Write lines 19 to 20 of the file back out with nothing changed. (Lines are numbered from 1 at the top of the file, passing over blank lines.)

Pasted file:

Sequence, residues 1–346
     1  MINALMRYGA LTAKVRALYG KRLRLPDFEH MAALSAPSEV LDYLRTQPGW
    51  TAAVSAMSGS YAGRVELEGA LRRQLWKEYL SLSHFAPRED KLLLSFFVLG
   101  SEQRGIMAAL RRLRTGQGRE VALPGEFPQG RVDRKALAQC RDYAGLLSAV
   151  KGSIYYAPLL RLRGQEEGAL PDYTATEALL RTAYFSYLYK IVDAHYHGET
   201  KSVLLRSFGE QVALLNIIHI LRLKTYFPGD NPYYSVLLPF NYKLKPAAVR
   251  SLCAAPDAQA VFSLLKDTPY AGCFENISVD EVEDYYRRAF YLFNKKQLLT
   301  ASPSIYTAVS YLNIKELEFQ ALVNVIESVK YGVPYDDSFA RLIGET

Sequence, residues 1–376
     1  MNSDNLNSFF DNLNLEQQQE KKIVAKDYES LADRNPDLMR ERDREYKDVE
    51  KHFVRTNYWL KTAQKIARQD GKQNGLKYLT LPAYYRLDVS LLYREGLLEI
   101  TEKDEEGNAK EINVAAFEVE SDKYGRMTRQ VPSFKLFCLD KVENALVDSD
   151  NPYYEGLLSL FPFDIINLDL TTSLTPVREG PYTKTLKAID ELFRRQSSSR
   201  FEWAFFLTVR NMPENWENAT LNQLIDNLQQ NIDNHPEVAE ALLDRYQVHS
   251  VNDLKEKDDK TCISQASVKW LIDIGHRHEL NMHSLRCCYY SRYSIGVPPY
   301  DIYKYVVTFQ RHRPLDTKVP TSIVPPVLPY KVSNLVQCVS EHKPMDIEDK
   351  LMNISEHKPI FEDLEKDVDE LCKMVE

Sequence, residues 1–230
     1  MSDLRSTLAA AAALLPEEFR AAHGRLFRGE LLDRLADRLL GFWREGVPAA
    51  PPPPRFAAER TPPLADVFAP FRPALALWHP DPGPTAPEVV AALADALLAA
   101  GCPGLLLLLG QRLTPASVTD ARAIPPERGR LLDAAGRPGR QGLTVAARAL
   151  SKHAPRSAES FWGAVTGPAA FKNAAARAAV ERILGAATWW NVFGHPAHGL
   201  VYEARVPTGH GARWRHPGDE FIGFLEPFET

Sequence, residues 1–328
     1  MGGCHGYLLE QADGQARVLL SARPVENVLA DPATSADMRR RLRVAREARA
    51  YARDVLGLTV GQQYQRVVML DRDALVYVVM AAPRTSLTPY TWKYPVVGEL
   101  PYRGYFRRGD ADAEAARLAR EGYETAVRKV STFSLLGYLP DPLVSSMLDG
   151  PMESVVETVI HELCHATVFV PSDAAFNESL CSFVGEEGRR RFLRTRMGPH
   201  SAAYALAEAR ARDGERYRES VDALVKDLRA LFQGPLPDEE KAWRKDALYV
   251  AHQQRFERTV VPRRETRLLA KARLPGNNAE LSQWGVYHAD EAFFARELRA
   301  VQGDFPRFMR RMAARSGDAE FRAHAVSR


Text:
     1  MSDLRSTLAA AAALLPEEFR AAHGRLFRGE LLDRLADRLL GFWREGVPAA
    51  PPPPRFAAER TPPLADVFAP FRPALALWHP DPGPTAPEVV AALADALLAA